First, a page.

Let me put all this in terms that everyone on this board will understand. God is a point mass, centered at the origin of our xyz space. Christ, we will assume, is the right hand of God, or about 100 centimeters away. His mass is probably around 75 kilograms. Since God has a very large mass (a bit less than infinity), Christ, who we will assume is in a circular orbit around God, has a very large momentum, and hence has a very small wavelength. This means that Christ's uncertainty is quite small, so we can therefore conclude that he is fairly certain in all that he does.

Now let us consider a sinner. We shall place him at a large distance from God, say one inch and 45 million light-years. He, also being in a circular orbit, will be travelling significantly slower than Christ, and will therefore be more uncertain about it. One should also consider, however, that since Christ's orbit could fit in a kiddie pool, while the sinner's would encompass not only our galaxy, but a few of the nearby ones as well, that the sinner gets around more, sees more, and is generally a more knowledgeable guy than the Savior. This fits in with traditional wisdom.

From this situation we can draw a few conclusions. The first is that Mary, the Mother of God, being a fairly pure person, is close to God. This means that she must be a fast woman. The second conclusion that can be drawn is that sinners have a lot more potential than saints, since less of their energy is stored as kinetic energy. Further insights can be gained when we look at the situation of the Heathen.

A heathen is someone who is not affected by God. This means that they are at least an infinite distance from him. Now, assuming that one of these folk starts to travel towards God, he will convert his potential energy into kinetic energy during the approach, or descent as the case may be. Since he started out an infinite distance away, but with some kinetic energy of his own, he will approach God on a hyperbolic trajectory and then disappear into space again, never to be seen again. If his approach is such that it brings him inside the orbit of the Son of God, then right after his closest approach, the sinner's velocity will be greater than Jesus', which means that he will be more sure of himself in his escape than Christ is in orbit. This is an interesting notion, but some of the side ramifications are even more intriguing.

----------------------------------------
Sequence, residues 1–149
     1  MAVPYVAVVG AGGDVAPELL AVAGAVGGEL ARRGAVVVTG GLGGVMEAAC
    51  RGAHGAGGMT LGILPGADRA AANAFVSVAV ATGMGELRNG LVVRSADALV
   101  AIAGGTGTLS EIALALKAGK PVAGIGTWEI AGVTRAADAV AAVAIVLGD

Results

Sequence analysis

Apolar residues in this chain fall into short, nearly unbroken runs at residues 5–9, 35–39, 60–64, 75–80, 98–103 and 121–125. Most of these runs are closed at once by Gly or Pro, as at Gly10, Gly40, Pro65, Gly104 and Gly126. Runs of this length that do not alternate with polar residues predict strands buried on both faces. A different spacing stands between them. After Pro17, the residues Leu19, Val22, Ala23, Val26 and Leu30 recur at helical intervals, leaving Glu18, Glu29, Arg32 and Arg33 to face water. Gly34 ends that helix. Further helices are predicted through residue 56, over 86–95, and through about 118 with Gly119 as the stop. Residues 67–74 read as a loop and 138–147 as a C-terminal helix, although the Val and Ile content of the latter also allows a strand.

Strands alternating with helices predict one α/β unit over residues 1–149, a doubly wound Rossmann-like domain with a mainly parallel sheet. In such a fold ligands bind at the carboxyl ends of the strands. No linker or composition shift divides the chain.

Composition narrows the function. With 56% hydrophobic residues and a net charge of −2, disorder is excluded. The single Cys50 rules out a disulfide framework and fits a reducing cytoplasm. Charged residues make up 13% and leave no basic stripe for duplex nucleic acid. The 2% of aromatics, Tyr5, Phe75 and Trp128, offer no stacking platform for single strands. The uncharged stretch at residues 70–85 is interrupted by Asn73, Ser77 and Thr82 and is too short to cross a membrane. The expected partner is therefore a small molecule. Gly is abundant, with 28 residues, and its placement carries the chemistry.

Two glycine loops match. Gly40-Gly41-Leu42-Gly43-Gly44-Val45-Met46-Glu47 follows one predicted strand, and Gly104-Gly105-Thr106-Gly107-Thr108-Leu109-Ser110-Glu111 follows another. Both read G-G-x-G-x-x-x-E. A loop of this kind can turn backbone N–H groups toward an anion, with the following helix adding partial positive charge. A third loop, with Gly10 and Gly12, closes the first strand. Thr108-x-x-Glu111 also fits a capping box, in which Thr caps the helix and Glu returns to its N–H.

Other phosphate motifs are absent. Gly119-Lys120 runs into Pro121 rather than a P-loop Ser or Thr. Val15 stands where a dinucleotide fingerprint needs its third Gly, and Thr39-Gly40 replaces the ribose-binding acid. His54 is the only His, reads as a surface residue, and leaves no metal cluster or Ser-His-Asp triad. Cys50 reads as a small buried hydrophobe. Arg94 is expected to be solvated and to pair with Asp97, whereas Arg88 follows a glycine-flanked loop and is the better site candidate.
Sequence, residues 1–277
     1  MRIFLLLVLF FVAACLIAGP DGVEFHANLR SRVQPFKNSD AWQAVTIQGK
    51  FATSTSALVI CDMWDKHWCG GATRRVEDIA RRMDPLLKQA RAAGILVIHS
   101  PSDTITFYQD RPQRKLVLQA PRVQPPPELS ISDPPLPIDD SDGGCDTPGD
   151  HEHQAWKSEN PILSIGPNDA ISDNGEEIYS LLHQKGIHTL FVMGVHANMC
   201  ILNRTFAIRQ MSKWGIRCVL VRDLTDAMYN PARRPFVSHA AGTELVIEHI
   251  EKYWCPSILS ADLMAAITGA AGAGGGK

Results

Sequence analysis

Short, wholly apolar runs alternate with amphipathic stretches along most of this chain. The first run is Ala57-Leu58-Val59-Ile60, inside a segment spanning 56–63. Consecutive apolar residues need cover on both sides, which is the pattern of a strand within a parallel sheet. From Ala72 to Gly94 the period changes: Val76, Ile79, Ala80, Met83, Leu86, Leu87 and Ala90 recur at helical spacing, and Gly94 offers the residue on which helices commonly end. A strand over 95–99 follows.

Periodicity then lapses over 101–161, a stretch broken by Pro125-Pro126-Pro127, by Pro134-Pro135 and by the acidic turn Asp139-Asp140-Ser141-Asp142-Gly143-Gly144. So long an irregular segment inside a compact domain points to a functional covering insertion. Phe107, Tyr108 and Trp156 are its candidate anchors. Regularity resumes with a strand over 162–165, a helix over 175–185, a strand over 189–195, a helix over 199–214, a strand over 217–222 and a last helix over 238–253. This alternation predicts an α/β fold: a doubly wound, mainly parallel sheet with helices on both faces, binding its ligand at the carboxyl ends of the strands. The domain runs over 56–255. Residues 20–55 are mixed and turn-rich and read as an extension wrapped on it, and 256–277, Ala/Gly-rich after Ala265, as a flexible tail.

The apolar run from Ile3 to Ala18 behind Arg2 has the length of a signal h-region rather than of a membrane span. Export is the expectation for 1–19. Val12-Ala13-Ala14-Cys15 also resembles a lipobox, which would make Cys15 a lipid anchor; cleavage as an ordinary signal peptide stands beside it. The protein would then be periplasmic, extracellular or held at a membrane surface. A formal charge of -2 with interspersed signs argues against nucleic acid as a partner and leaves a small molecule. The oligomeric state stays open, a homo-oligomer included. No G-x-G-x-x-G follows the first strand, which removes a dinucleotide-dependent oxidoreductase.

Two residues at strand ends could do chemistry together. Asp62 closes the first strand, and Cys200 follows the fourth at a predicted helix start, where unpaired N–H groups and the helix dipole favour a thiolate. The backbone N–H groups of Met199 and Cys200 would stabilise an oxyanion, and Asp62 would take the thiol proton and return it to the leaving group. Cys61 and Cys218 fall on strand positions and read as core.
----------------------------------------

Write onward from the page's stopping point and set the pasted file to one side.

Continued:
Without any orbiters, therefore, God would not be able to attract anyone -- all approaching bodies would have either parabolic or hyperbolic trajectories. However, once God has an orbiter, the two of them could collaborate to capture other bodies. This means that heathens that get too close to believers in their approaches might get trapped, and by the same token, believers who are buzzed by heathens could be ejected.

And what, the reader asks at this point, does any of this have to do with sex? Well, the answer is this: sex, as we all know, is the union of two or more people. This, in our analogy, would be represented as a collision. Now, in Christianity, almost all of the holy figures are male. For God, a collision between any of these close in folk would be disastrous, because, even if we assume that they are indestructable, such a high energy collision would:

eject one of the men in it,

cause one of them to fall into God, or

give them highly irregular elliptical orbits.

All of these would be bad for God, because in the first two causes he would lose orbiters, making His chance at capturing new ones less, and in the third case He would have a much greater chance of more collisions, as the elliptical orbiters would cross many of the unafffected circular orbits. Therefore, God probably disapproves of these collisions.

Anyway, I managed to bring this rant back to the topic it was supposed to address in the first place, so I'm gonna eat lunch now. If anyone is not offended yet, I can use the analogy to prove the next verse in Leveticus, that "no man shall wear clothes of two different fabrics."

--Charles Magee, in a post to alt.sex.bondage.particle.physics, prior to 1996, received in 1996 from Mark Rosen.

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